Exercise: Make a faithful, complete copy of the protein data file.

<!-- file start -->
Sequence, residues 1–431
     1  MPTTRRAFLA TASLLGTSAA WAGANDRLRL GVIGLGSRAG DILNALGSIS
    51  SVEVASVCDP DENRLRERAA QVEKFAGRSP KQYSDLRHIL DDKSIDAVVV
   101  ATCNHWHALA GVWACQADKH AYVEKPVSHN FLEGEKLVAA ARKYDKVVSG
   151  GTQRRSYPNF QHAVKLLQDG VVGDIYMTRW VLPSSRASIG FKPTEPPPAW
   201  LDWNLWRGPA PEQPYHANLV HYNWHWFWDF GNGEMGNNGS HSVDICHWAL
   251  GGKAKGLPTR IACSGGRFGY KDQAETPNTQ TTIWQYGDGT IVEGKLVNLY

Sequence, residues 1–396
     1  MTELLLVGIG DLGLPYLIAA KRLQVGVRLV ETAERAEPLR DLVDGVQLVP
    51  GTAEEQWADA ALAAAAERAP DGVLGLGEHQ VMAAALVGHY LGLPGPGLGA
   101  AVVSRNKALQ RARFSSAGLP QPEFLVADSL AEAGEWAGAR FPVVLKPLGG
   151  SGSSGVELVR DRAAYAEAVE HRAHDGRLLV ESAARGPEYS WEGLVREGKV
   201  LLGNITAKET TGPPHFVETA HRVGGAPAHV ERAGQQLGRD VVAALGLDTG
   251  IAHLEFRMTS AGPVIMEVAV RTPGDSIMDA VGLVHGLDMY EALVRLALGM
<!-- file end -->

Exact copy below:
Sequence, residues 1–431
     1  MPTTRRAFLA TASLLGTSAA WAGANDRLRL GVIGLGSRAG DILNALGSIS
    51  SVEVASVCDP DENRLRERAA QVEKFAGRSP KQYSDLRHIL DDKSIDAVVV
   101  ATCNHWHALA GVWACQADKH AYVEKPVSHN FLEGEKLVAA ARKYDKVVSG
   151  GTQRRSYPNF QHAVKLLQDG VVGDIYMTRW VLPSSRASIG FKPTEPPPAW
   201  LDWNLWRGPA PEQPYHANLV HYNWHWFWDF GNGEMGNNGS HSVDICHWAL
   251  GGKAKGLPTR IACSGGRFGY KDQAETPNTQ TTIWQYGDGT IVEGKLVNLY

Sequence, residues 1–396
     1  MTELLLVGIG DLGLPYLIAA KRLQVGVRLV ETAERAEPLR DLVDGVQLVP
    51  GTAEEQWADA ALAAAAERAP DGVLGLGEHQ VMAAALVGHY LGLPGPGLGA
   101  AVVSRNKALQ RARFSSAGLP QPEFLVADSL AEAGEWAGAR FPVVLKPLGG
   151  SGSSGVELVR DRAAYAEAVE HRAHDGRLLV ESAARGPEYS WEGLVREGKV
   201  LLGNITAKET TGPPHFVETA HRVGGAPAHV ERAGQQLGRD VVAALGLDTG
   251  IAHLEFRMTS AGPVIMEVAV RTPGDSIMDA VGLVHGLDMY EALVRLALGM